You probably know that I love and adore Tove Jansson. She is, indeed, one of my all-time favourite writers, and the only author whose books I eagerly await. (Yes, she’s dead, but they’re being steadily translated – a newly translated collection of short stories coming soon from Sort Of Books!) Until now, though, I hadn’t read any of the Moomin books for which she is best known. Aware of this, Margaret Szedenits very kindly gave me a copy of Moominpappa at Sea (1965) which is actually the final book to feature the Moomin family, except some picture books.
Only the beginning of Moominpappa at Sea takes place in Moominvalley, and only the Moomin family appear. Apparently there are lots of other characters, but I got to know thoughtful, adventurous Moominpappa, wise, diligent Moominmamma, anxious, imaginative Moomintroll, and fearless, feisty Little My. They have a map on their wall, a dot on which marks an island (or perhaps, Little My suggests, some fly-dirt) with a lighthouse – Moominpappa decides that the family will move there.
“Of course we run the risk of it being calm tonight,” said Moominpappa. “We could have left immediately after lunch. But on an occasion like this we must wait for sunset. Setting out in the right way is just as important as the opening lines in a book: they determine everything.”
After a wet and windy journey across the sea, they arrive on the island – deserted, except for a taciturn fisherman – and head towards the lighthouse. Everything is not quite as they hoped. The beam of the lighthouse doesn’t work, there is no soil for Moominmamma’s garden, and worst of all – the lighthouse is locked and they can’t find the key. Without being too much like an educational TV programme, Tove Jansson incorporates many different responses to change – whether it intimidates, infuriates, or energises people. Moominmamma is definitely the family member who most wishes they had never left.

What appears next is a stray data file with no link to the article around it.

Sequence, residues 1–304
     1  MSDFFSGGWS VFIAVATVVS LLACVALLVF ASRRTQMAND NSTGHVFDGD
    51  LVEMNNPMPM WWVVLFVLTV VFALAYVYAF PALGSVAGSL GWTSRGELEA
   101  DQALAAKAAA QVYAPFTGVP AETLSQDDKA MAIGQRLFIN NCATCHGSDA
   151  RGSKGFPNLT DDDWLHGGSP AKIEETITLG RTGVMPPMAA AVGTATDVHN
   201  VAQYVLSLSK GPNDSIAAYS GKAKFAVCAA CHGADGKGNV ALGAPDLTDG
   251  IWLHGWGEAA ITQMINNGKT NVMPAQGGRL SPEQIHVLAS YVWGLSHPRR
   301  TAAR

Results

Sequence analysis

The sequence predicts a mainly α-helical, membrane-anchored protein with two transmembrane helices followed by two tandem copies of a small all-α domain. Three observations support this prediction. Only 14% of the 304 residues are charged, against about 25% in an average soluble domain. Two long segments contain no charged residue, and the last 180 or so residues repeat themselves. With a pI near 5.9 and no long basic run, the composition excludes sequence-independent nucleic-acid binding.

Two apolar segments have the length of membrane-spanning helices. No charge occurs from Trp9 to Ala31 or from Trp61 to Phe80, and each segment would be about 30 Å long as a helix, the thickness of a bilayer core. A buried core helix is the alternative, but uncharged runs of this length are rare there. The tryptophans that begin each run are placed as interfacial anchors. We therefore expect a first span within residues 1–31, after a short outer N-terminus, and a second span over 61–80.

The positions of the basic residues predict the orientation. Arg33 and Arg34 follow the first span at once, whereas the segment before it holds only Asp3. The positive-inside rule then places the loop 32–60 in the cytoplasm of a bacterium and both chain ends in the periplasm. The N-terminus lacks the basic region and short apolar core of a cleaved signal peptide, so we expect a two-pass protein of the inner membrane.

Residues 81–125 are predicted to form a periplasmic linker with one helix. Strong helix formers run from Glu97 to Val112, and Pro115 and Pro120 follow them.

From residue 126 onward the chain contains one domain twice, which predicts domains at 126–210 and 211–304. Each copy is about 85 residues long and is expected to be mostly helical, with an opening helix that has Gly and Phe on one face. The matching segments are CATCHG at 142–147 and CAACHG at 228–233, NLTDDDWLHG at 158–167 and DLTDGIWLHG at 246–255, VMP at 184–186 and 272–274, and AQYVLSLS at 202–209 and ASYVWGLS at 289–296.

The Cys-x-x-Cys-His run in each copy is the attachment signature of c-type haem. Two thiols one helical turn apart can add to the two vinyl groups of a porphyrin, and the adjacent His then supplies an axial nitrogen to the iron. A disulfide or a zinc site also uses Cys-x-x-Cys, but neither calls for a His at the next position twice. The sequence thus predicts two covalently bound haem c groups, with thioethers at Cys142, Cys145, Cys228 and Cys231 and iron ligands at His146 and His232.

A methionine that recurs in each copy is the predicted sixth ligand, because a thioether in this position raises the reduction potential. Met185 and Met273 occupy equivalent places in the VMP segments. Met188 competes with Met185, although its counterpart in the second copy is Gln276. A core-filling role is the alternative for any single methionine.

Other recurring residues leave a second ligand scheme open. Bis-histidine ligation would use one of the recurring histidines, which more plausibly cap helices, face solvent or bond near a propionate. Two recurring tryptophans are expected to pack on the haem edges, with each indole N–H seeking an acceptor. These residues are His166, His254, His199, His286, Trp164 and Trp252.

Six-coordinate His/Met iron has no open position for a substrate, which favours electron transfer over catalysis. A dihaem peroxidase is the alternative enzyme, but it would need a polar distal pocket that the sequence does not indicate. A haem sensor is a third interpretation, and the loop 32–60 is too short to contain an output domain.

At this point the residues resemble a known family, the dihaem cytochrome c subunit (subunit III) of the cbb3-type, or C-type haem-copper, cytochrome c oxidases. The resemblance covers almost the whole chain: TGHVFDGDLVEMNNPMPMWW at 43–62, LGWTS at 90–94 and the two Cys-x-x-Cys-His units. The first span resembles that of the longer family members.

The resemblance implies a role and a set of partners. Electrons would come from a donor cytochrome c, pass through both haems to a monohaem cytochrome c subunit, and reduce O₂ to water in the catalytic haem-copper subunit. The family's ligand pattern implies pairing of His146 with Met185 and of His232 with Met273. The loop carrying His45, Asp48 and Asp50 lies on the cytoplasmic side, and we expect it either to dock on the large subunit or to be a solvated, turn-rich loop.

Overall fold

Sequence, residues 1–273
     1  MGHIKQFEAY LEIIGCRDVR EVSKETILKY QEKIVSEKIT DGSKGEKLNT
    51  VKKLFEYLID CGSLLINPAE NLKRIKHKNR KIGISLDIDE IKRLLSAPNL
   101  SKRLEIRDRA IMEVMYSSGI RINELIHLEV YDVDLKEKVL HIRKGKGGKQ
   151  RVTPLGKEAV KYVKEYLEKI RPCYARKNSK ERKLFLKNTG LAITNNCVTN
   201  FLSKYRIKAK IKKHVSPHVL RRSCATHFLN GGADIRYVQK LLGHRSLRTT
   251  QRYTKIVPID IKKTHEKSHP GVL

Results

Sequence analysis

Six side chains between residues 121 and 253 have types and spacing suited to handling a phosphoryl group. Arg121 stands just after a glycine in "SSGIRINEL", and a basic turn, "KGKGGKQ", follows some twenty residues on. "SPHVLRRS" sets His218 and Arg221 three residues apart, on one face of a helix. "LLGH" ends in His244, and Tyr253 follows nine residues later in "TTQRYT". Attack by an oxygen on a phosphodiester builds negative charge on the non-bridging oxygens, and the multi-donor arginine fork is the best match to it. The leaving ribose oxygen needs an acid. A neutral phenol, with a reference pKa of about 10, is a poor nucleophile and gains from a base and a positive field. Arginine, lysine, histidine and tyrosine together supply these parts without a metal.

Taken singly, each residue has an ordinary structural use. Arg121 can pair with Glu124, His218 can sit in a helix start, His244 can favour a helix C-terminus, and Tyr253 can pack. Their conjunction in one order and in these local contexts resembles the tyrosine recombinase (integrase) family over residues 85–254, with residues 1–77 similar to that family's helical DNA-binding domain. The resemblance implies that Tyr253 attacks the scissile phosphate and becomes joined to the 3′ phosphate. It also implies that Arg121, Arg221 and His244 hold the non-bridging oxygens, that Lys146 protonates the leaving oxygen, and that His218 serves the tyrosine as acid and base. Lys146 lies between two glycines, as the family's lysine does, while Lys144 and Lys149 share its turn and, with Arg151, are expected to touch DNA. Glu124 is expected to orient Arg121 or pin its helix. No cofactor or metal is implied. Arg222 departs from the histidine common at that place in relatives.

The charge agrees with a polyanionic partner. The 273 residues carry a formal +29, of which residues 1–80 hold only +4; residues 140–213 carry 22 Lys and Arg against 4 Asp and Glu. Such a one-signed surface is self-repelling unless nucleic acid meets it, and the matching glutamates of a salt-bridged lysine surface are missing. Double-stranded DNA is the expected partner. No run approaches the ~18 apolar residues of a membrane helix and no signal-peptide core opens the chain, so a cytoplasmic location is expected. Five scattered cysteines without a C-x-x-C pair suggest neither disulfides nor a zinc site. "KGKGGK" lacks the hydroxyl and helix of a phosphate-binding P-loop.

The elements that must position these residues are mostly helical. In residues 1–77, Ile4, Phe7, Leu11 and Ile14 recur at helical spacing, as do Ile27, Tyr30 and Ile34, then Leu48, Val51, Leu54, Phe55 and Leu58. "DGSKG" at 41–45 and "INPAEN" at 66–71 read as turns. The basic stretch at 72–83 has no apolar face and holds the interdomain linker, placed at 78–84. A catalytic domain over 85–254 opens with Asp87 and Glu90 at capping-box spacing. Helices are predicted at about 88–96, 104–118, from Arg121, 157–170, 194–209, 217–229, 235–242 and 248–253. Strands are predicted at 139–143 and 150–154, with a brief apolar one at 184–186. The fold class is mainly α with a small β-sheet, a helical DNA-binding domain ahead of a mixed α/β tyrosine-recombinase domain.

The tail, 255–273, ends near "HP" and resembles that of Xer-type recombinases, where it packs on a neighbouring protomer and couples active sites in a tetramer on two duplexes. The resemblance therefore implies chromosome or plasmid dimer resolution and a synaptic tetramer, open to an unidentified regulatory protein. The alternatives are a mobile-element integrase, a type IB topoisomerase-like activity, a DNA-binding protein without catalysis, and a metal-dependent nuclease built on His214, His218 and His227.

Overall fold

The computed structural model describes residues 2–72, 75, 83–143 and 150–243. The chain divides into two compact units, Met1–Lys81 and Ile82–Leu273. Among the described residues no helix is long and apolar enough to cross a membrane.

In front of them lay age-old rocks with steep and sharp sides and they stumbled past precipice after precipice, grey and full of crevices and fissures.
“Everything’s much too big here,” thought Moominmamma. “Or perhaps I’m too small.”
Only the path was as small and insecure as she was.
And then it all gets a bit surreal. Not only is are they followed by the Groke – a curious creature which fills them with fear and turns the ground to ice – the island itself seems to be alive. The trees move, the sea itself has a definite, often petulant, character. The Moomins take this in their stride – they almost seem to expect it.
Moominpappa leaned forward and stared sternly at the fuming sea. “There’s something you don’t seem to understand,” he said. “It’s your job to look after this island. You should protect and comfort it instead of behaving as you do. Do your understand?
Moominpappa listened, but the sea made no answer.
So, what did I make of it all? I definitely enjoyed it, and I especially liked Tove Jansson’s deceptively simple illustrations throughout – they enhanced the story, and also softened its edges, as it were. The emotions and actions of the Moomins are often quite human, and the illustrations remind us that we are in a different world – they give the prose a warm haze.
And yet I never felt I quite knew what Jansson was doing. I was expecting that it might all be a sort of allegory, in a way, for how humans respond to change. But the Moomins aren’t simply there to represent types of response – they form a family unit as valid as those in any novel, even if there isn’t quite the same depth of development in these relationships (in this book, at least.) The characters certainly often speak wisely, or demonstrate their feelings through actions (as Moominmamma does with her painting), but I couldn’t ever forget that this was a children’s book – and that, in this case, the children’s book really did feel like a watered-down version of the adults’ novels.
I wasn’t sure how Tove Jansson’s books for children would relate to the wonderful novels and stories I’ve already read. It seemed to me, after reading Moominpappa at Sea, that it was like the skeletal equivalent of something like Fair Play. Janssons’ great talent is her deeply perceptive descriptions of everyday interactions between people – incredibly nuanced and yet subtle. She only gives the bare bones of this in Moominpappa at Sea. Well, more than the bare bones – more, I daresay, than a lot of adult novelists – but not with the finesse of which I know her capable. I still loved reading it, and I’m very grateful to Margaret for giving me the book and the opportunity, but I now feel comfortable that I have not been thus far missing Jansson’s greatest work. She may be best known for the Moomin books but, based on what I have read of her oeuvre so far, she saved her finest writing for elsewhere.